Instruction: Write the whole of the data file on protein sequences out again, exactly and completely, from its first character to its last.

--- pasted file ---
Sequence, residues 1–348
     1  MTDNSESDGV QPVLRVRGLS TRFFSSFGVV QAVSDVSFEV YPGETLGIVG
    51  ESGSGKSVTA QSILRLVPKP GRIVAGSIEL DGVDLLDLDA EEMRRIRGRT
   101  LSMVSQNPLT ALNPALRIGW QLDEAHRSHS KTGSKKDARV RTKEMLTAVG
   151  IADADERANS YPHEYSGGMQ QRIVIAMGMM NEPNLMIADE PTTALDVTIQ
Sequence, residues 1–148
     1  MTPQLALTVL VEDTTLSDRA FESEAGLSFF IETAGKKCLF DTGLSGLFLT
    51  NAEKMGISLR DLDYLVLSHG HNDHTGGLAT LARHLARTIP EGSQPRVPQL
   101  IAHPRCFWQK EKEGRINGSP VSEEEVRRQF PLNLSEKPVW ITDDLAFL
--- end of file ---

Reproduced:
Sequence, residues 1–348
     1  MTDNSESDGV QPVLRVRGLS TRFFSSFGVV QAVSDVSFEV YPGETLGIVG
    51  ESGSGKSVTA QSILRLVPKP GRIVAGSIEL DGVDLLDLDA EEMRRIRGRT
   101  LSMVSQNPLT ALNPALRIGW QLDEAHRSHS KTGSKKDARV RTKEMLTAVG
   151  IADADERANS YPHEYSGGMQ QRIVIAMGMM NEPNLMIADE PTTALDVTIQ
Sequence, residues 1–148
     1  MTPQLALTVL VEDTTLSDRA FESEAGLSFF IETAGKKCLF DTGLSGLFLT
    51  NAEKMGISLR DLDYLVLSHG HNDHTGGLAT LARHLARTIP EGSQPRVPQL
   101  IAHPRCFWQK EKEGRINGSP VSEEEVRRQF PLNLSEKPVW ITDDLAFL